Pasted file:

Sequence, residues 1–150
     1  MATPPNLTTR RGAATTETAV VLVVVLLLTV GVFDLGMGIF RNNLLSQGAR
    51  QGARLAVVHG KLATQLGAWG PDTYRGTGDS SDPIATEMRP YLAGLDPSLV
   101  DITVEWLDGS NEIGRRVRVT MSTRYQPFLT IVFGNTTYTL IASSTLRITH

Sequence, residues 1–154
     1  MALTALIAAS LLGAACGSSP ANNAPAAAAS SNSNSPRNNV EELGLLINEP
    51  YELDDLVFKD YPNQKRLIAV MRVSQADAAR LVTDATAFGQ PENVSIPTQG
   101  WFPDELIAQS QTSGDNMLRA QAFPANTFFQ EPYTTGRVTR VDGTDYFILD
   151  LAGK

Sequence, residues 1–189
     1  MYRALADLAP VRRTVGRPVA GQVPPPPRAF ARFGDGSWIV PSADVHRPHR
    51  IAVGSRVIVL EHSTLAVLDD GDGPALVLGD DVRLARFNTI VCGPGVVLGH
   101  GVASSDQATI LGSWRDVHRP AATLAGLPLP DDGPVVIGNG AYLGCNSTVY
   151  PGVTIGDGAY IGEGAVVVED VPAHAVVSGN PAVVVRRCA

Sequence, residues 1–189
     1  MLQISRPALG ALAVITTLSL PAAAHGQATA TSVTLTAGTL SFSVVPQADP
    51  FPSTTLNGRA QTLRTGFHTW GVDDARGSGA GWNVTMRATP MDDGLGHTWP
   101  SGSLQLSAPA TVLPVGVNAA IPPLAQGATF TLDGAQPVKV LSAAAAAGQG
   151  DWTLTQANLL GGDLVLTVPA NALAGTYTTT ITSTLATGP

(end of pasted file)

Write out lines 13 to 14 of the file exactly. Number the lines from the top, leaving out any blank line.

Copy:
   101  GVASSDQATI LGSWRDVHRP AATLAGLPLP DDGPVVIGNG AYLGCNSTVY
   151  PGVTIGDGAY IGEGAVVVED VPAHAVVSGN PAVVVRRCA